h. Providing adequate resources to public schools and improve educational
       accountability

Retaining and Attracting Residents to Michigan Cities
4. The state should develop policies that retain and attract a diverse population—
   including recent college graduates, skilled workers, artists, entrepreneurs, highly
   educated individuals and all others who seek to live and work in diverse, vibrant
   urban communities—by:
    a. Providing technical assistance and training to existing residents to enhance the
       skills and knowledge needed to participate in and contribute to the economic
       viability of cities
    b. Supporting the governor’s “cool” cities initiative by identifying policies,
       practices, and tools that can be used to attract highly trained, educated, and
       employable individuals to live and work in Michigan cities
    c. Marketing cities as a place to live to residents in existing Michigan urban ethnic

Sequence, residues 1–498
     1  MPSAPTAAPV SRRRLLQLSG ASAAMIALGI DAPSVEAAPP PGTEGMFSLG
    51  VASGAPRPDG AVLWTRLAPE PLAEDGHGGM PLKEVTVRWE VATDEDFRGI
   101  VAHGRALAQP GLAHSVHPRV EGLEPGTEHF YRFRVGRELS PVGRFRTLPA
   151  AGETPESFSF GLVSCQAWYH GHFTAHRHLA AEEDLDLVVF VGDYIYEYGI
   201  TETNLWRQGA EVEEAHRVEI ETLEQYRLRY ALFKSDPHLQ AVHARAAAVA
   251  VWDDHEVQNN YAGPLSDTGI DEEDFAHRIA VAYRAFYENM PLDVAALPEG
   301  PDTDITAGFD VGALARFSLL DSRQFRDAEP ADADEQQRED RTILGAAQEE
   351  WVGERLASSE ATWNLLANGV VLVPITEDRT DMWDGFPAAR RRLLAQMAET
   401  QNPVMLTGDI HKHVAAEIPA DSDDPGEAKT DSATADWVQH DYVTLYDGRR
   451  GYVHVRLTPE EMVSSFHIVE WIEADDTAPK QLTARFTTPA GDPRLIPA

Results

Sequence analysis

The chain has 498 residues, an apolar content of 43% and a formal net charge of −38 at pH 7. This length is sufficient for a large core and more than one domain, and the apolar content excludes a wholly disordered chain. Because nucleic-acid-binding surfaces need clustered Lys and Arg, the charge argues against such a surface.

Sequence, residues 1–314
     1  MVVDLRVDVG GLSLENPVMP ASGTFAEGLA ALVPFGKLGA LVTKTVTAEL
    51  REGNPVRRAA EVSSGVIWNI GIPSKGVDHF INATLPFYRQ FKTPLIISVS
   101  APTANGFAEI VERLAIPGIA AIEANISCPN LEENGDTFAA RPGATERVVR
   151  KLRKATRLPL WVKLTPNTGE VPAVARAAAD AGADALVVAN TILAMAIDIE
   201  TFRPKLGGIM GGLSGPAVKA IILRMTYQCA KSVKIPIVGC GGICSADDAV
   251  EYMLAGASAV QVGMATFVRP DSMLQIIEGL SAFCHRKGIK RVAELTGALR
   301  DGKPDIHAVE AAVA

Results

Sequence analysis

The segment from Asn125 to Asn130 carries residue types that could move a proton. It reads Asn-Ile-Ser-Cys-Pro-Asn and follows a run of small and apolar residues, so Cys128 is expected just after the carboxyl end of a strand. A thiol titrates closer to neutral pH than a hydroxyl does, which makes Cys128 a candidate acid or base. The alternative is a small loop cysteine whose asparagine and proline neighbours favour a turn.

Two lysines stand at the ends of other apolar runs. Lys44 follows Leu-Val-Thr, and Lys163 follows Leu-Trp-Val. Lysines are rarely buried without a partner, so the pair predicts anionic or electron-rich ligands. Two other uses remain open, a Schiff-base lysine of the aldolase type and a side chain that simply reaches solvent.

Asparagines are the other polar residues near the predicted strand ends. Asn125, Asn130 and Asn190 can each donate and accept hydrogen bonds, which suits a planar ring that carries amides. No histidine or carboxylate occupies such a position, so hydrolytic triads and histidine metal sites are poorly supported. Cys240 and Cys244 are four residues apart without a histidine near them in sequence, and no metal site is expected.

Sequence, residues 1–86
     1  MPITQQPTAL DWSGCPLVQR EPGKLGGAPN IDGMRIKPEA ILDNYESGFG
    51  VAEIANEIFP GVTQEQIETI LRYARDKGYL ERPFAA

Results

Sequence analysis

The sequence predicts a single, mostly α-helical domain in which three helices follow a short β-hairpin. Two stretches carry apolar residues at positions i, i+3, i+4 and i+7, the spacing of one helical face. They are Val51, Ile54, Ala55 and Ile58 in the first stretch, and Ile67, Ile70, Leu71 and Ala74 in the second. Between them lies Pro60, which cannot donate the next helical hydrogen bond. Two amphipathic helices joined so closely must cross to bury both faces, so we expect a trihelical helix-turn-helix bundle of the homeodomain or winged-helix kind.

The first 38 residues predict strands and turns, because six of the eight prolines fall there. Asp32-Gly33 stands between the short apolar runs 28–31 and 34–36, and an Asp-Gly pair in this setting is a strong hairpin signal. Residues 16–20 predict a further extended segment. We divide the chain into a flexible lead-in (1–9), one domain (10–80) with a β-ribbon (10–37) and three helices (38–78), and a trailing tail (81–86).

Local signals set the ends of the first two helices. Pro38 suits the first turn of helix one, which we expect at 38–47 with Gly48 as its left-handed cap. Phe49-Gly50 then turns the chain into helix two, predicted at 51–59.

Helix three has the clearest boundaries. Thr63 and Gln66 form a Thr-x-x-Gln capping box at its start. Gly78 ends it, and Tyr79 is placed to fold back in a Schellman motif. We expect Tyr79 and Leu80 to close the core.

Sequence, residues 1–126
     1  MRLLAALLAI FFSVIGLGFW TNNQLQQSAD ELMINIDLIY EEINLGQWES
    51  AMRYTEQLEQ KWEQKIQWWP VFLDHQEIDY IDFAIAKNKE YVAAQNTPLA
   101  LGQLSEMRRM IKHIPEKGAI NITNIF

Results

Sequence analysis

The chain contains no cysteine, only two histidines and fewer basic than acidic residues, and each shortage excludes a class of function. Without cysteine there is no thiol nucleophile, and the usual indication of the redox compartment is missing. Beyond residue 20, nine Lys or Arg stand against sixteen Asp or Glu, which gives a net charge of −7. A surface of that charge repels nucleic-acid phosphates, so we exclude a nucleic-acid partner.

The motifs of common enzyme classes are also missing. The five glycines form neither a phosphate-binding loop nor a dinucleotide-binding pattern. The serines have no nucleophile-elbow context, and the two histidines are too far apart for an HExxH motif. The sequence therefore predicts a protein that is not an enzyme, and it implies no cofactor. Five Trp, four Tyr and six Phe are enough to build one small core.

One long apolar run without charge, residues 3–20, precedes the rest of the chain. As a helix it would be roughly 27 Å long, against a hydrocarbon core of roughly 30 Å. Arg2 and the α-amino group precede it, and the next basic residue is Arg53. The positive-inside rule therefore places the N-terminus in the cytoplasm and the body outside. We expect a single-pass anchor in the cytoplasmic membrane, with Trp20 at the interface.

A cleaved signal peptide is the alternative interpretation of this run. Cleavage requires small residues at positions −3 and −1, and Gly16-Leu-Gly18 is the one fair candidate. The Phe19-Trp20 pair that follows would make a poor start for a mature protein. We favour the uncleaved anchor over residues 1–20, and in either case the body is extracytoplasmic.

communities to encourage further immigration from outside the country through:
         (1)    Targeting enforcement of consumer protection laws to prevent fraud by
                those assisting immigrants for profit
         (2)    Assuring that government services essential to new immigrants (e.g.,
                automobile registration, driver’s license, or identification) are accessible and
                user-friendly to immigrant communities
         [Reservations: G. White]
    d. Creating financial incentives for cities and developers that will target housing